In the semis, India eked out a fighting 2-1 win against Holland.
The final at the Wembley Stadium in London was a special occasion. Payback time couldn’t have had a better background for India: The Olympic Games in London, men’s hockey final against the former rulers, on British soil, Independent India’s first Olympic medal there for the taking.
It all happened in that order.
Balbir Singh Sr, in his autobiography ‘The Golden Hat-Trick – My Hockey Days’, describes the moment when the umpire blew the full-time whistle at Wembley signalling India’s win.
“After the victory, VK Krishan Menon, free India’s first High Commissioner in London, who witnessed the match, came running to congratulate us,” he wrote.
This was Balbir Singh Sr’s first Olympic gold medal.

(Balbir Singh Sr, sitting, during one of his last public appearances at the 2019 Times of India Sports Awards)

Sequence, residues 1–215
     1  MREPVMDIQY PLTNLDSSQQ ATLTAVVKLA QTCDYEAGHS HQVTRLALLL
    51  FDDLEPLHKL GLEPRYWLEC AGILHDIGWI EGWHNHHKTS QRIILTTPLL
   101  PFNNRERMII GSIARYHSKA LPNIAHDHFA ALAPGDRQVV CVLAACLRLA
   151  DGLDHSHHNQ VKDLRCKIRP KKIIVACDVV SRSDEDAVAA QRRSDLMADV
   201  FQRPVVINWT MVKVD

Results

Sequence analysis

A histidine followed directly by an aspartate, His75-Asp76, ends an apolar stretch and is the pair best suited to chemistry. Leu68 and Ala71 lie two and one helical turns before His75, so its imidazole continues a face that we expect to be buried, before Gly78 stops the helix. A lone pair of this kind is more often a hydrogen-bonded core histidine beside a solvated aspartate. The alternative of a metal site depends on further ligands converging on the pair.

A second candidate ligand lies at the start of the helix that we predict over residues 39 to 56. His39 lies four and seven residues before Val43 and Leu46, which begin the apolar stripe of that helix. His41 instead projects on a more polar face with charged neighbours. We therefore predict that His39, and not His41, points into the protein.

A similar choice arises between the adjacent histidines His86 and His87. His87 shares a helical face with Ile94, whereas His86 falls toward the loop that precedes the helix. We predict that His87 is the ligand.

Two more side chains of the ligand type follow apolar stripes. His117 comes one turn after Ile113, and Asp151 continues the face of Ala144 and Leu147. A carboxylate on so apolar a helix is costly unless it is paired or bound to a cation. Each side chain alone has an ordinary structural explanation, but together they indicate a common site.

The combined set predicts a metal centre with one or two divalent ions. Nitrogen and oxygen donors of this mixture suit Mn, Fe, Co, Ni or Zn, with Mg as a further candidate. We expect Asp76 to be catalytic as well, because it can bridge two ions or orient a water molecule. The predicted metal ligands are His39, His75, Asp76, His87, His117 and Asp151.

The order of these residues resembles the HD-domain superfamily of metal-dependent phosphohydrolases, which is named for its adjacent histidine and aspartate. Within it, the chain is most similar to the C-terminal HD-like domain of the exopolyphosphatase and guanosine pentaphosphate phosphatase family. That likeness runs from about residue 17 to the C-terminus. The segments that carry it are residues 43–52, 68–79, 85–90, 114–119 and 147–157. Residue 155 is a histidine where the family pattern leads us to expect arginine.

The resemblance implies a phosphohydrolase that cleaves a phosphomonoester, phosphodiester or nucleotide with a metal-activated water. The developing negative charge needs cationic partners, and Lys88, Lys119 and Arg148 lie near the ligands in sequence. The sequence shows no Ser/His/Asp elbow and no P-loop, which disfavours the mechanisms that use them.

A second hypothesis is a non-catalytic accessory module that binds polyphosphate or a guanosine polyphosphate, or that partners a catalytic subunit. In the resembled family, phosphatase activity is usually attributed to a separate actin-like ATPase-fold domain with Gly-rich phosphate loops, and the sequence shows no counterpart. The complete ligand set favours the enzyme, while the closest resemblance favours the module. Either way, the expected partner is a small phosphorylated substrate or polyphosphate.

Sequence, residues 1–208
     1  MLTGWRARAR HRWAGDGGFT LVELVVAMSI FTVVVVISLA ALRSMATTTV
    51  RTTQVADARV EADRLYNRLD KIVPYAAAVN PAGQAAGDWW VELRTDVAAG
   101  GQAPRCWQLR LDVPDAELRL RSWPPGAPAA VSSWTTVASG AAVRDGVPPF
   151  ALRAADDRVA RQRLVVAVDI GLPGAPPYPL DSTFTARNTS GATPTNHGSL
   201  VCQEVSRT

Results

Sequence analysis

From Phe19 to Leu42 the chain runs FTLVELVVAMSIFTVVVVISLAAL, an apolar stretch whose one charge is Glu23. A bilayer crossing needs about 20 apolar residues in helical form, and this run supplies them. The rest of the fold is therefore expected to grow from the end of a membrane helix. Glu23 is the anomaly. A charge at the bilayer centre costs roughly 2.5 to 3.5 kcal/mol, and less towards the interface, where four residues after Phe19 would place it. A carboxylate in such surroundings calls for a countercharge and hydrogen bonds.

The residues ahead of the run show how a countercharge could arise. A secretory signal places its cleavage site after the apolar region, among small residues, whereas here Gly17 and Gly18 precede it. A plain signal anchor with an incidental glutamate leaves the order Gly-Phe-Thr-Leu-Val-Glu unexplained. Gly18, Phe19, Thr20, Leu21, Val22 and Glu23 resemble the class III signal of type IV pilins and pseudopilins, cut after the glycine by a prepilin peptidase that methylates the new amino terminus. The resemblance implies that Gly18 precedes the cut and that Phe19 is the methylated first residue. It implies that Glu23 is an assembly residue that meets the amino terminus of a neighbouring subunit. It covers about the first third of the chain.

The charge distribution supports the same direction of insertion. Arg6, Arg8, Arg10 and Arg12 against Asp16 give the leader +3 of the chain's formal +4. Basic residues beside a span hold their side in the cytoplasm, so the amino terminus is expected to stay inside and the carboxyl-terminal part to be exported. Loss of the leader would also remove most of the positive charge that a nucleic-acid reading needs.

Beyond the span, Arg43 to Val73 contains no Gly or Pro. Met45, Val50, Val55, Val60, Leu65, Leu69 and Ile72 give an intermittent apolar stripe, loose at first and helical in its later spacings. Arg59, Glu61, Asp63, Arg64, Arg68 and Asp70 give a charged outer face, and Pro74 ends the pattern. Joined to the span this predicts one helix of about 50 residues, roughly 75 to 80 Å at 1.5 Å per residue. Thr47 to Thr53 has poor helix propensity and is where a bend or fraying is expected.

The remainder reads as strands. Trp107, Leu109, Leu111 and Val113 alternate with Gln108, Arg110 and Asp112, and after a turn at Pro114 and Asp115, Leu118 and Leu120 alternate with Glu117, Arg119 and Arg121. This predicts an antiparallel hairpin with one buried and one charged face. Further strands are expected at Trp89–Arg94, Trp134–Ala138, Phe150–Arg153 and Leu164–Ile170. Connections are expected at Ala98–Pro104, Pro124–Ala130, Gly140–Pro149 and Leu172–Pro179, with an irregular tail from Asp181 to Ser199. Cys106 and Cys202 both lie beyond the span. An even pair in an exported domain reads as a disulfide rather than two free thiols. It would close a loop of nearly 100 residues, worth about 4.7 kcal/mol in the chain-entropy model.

Incredibly, Balbir Singh Sr, who was in red hot form having finished as the top scorer for Punjab in the 1946 and 1947 National championships, was initially not picked in the squad. Former hockey legend Richard Carr, who played for India in their gold medal-winning 1932 Olympic campaign in Los Angeles, rallied for Balbir Singh’s inclusion and he was finally picked.
But despite his six goals against Argentina, Balbir Singh Sr was dropped in the next match against Spain and also did not play in the semi-final against the Netherlands.
A protest by Indian students in London, who took their grouse to the then Indian High Commissioner VK Krishna Menon, forced the team management to include Balbir Singh Sr for the final against Great Britain. And the rest, as they say, is history.
On this historic day, Balbir Singh Sr’s friend Dr. Rajendra Kalra shared some of the words the legend had spoken about the historic day during one of their conversations.
“He said, ‘I was so lucky. The final was against our former rulers, and it was a matter of pleasure and honour that we beat them on their own soil,” recalled Dr Kalra, who was also the team doctor during India’s victorious 1975 World Cup campaign, while talking to Timesofindia.com. Balbir Singh Sr was the manager of the team at that time.

(1948 Olympic gold-medal winners meeting Governor General C. Rajagopalachari)